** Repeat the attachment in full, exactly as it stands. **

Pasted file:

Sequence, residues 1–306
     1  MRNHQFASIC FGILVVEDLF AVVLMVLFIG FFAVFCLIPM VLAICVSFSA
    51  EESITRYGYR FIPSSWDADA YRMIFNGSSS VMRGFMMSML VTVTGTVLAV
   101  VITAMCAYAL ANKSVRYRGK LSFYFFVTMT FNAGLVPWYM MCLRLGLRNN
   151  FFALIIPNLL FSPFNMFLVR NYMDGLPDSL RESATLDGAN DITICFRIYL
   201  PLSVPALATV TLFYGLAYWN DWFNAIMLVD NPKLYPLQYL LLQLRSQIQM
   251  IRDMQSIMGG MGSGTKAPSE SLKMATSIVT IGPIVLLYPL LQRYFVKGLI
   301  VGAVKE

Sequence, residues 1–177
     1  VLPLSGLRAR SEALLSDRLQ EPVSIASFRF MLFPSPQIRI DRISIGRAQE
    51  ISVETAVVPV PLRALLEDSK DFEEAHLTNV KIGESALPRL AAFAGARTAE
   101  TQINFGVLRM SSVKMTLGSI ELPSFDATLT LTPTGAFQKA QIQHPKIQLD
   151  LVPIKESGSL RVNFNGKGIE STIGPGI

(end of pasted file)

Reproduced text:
Sequence, residues 1–306
     1  MRNHQFASIC FGILVVEDLF AVVLMVLFIG FFAVFCLIPM VLAICVSFSA
    51  EESITRYGYR FIPSSWDADA YRMIFNGSSS VMRGFMMSML VTVTGTVLAV
   101  VITAMCAYAL ANKSVRYRGK LSFYFFVTMT FNAGLVPWYM MCLRLGLRNN
   151  FFALIIPNLL FSPFNMFLVR NYMDGLPDSL RESATLDGAN DITICFRIYL
   201  PLSVPALATV TLFYGLAYWN DWFNAIMLVD NPKLYPLQYL LLQLRSQIQM
   251  IRDMQSIMGG MGSGTKAPSE SLKMATSIVT IGPIVLLYPL LQRYFVKGLI
   301  VGAVKE

Sequence, residues 1–177
     1  VLPLSGLRAR SEALLSDRLQ EPVSIASFRF MLFPSPQIRI DRISIGRAQE
    51  ISVETAVVPV PLRALLEDSK DFEEAHLTNV KIGESALPRL AAFAGARTAE
   101  TQINFGVLRM SSVKMTLGSI ELPSFDATLT LTPTGAFQKA QIQHPKIQLD
   151  LVPIKESGSL RVNFNGKGIE STIGPGI